While it is accurate to say that one meter cannot measure all levels of EMF, there are meters that will measure the non-ionizing radiation levels of extremely low and radio frequency radiation levels.
As would be expected, these units tend to cost more. They generally start about $135 and go up from there. Some are in excess of $400. In these instances, it really depends on what you want to do.
If this is your profession, you will know exactly what you need. Electricians, for instance, won’t generally be testing for RF, but ELF is huge in their wheelhouse. Wireless communications technicians, on the other hand, need to be able to test for RF.
Here are a few available options:
- EMF Meter, Advanced GQ EMF-390 Multi-Field Electromagnetic Radiation 3-in-1 EMF ELF RF Meter
This meter had 307 purchasers rating it, and it has an overall rating of 4.5 out of a possible five stars. It has a built-in analyzer and browser for real-time monitoring but also allows you to identify the most common possible sources of output, such as cell towers, power lines, etc. This meter measures RF up to 10 GHz (Gigahertz) and between 0-500 mG (Milligauss) for ELF readings.
- Electric Field Radio Frequency Field, Magnetic Field Strength Meter by Trifield
With a 4.6 out of possible five stars and 297 eligible raters, this meter is another example of one that will measure both ELF and RF radiation. This meter measures between .1 to 100 mG, 1 to 1000 V/m (volts per meter), and .001 through 19.99 mW/m^2 (Milliwatt over meters squared).
Check out my review of the Trifield to know why I think it is the best EMF meter.
- LATNEX AF-3500 EMF Meter RF Detector and Reader
This meter is able to measure both ELF and RF readings. It has a large digital display providing readings as well as graphing data. It has only been rated by 15 purchasers but has an average rating of 4.3 out of a possible five stars.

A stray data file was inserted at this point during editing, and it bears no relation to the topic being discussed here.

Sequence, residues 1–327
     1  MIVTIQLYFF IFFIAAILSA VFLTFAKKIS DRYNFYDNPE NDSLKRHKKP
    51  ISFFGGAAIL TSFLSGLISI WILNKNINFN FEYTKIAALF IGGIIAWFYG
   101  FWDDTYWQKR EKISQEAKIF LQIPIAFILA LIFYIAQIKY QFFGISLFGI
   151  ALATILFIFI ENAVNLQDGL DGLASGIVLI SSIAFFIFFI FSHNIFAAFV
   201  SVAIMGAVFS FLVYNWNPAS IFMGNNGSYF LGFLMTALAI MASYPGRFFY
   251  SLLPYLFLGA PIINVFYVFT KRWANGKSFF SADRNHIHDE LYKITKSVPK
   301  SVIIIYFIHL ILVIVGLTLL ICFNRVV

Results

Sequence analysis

RF Specific Meters
If what you really are interested in measuring is the RF exposure in your home, there are meters on the market that are specific to RF emissions.
Radio Frequency electromagnetic field measurements are for things such as:
- Your mobile phone
- Your router signal
- Your WiFi
- Your Smart TV
- Bluetooth-specific tools
- Nearby cell towers
- Smart meters
Here are a few portable RF-specific meters that are on the market:
- Acoustimeter RF Meter Model AM-10 Radio Frequency Meter EMF Protection
This is among the top-of-the-line portable meters. It is more expensive and has earned a 4.6 out of 5 possible stars from 104 eligible purchasers. This meter has both LCD and LED displays providing multiple reading methods.
- HF-B3G Triple Axis HR RF Meter Analyzer and Detector and Aluminum Case
This meter’s write-up states that it can be used by novice and experienced users alike. There isn’t a rating associated with this model.
- Safe and Sound PRO II RF Meter 200MHz – 12GHz
This is the most expensive model on the list. It provides a comprehensive analysis on an LED screen along with having LED indicators. It only has four ratings associated with it, yet has a 4.5 rating out of a possible five stars.
Checking for Radon
You’re probably familiar with wall monitors you can plug into an outlet that will notify you of any carbon monoxide issues. Did you know you can also get these types of tools to notify you of potential radon issues?
Radon most often comes from uranium levels in the soil. As granite countertops have become more prevalent; however, it is possible that they can also be a source of radon emissions in your home.
There isn’t a “type” of granite that’s more likely to release radon than another. The issue boils down to how much uranium is in the piece of granite you own. Some granite only gives off trace amounts of radon. Others, however, measured levels as much as 25 times the EPA’s safety limits.
Here are a few Radon Meter options:
- Corentium Home Radon Detector by Airthings 223
This particular meter runs on batteries as opposed to having to be plugged in. It offers the option to create a self-inspection report without having to worry about lab fees. This meter has been rated 4.6 out of possible five stars by an impressive 1,973 total eligible raters.
- RADEX MR107 Advanced Radon Gas Detector for Homes
This device requires a Lithium battery, but that is only for backup purposes. It has a 4.2 rating out of a possible five stars from 21 raters. In addition to capturing radon levels, it will also collect readings for relative humidity and air temperatures. It requires Windows software for complete data analysis.
- Airthings Wave (2nd Gen) – Smart Radon Detector with Humidity & Temperature Sensor
This device sends the data it collects to your smartphone. It has an overall rating of 3.9 out of 5 possible stars, with 427 people providing ratings. This meter is battery operated and does not require sending samples to a lab.